Ossipee—October 26, 2017—On Monday, October 30, Ossipee officials will hold a public information session about their proposal to purchase Camp Sokokis for $1.2 million. The meeting will start at 6 p.m. at Ossipee Town Hall.
The plan has been in the works since August, when First Selectman Rick Morgan announced that the town had signed a purchase and sales agreement with the campground’s owners, Bill and Dianne Sheehan. Morgan was tasked by the Select Board to find a property to provide recreation access to Ossipee Lake after town voters in March approved seed money for such a search.
The Sokokis property, Morgan said at the time, would continue to be managed as a campground with a reduced number of campsites to accommodate parking and other amenities required for a town park. He called on residents to help the town develop an operating plan for the property.
But the community appears to be split on the issue. Opponents have been more vocal—online, in the papers, and on lawn signs. The opposition was initially sparked by rumors that the town had declined a third party’s offer to buy the property and donate part of the shorefront and parking space to the town at no cost.
Acknowledging the offer, the town said the property purchase had to continue because an agreement had already been structured with the seller, and because the donated parking area was insufficient, an explanation some found to be lacking.
Other opponents questioned the town’s ability to manage a campground business, to which the Select Board announced last week that it would permanently close the campground. Doing so, however, eliminates the anticipated revenue from the business, and appears to violate the purchase and sales agreement.
Fewer in number, at least in public forums, proponents of the plan have focused on the fact that the town has missed out on previous opportunities to own land on the lake and may never have another chance.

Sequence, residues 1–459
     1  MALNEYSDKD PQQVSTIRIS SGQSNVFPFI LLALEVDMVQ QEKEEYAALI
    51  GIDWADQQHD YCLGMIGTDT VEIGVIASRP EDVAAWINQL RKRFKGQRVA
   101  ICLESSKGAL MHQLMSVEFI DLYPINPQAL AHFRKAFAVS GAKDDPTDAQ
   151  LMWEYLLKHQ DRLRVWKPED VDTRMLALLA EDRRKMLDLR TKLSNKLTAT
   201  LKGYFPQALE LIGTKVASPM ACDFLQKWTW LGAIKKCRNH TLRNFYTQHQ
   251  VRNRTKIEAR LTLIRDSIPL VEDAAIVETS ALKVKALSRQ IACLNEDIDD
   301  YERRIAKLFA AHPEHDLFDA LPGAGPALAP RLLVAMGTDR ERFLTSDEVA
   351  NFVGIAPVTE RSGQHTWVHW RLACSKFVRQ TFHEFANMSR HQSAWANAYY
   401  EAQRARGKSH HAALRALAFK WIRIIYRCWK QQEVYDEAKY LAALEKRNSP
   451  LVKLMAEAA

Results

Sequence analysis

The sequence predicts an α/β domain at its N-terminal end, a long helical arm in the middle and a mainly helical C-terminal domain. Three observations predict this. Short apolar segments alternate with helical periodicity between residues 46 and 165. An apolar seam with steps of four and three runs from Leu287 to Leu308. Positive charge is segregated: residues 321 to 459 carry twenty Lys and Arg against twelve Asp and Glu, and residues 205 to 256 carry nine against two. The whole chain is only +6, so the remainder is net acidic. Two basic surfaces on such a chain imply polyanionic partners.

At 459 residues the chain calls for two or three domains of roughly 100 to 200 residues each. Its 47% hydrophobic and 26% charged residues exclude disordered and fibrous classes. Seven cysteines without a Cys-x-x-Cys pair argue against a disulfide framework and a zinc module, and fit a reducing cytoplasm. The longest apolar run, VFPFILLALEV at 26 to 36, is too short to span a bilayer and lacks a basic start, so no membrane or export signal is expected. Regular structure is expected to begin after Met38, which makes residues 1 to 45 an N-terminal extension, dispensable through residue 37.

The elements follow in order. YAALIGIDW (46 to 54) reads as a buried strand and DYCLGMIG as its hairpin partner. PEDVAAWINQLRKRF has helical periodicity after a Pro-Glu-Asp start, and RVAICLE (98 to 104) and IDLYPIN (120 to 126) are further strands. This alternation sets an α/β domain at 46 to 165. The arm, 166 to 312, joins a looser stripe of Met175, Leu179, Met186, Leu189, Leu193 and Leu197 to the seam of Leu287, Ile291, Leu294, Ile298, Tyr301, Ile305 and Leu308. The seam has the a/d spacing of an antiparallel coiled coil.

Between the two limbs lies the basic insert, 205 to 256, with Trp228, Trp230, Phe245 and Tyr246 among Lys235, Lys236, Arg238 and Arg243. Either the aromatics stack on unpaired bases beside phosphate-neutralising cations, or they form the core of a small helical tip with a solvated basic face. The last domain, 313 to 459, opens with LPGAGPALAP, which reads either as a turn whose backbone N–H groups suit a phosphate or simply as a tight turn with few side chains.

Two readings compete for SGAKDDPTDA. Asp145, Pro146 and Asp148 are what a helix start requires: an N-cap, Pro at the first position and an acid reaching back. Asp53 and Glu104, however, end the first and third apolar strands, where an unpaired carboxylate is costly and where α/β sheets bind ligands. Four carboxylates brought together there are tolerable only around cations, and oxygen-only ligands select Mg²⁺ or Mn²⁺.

Purchase proponent and former elected official Harry Merrow has echoed the Select Board’s contention that the cost to taxpayers will be minimal, ranging from a $6.50 increase for a property assessed at $50,000 to $45 for a property assessed at $300,000. Opponents counter that Merrow is looking only at the bond payments and ignoring other expenses of owning and managing the property.
Questions about the plan, how it will be paid for, and how much it is likely to cost Ossipee taxpayers will come to a head this Monday when town officials will meet with residents in an open forum at Town Hall.
According to the Carroll County Independent, it is anticipated that the Select Board will present “preliminary drawings” of the park on Monday. But it appears the operating plan for the property may be on hold until after voters decide whether to authorize the purchase.
“Currently, town officials are compiling a list of people willing to serve on a committee that will determine how to best utilize the property if the vote to purchase it passes at the town meeting Nov. 28,” the Independent reported this week.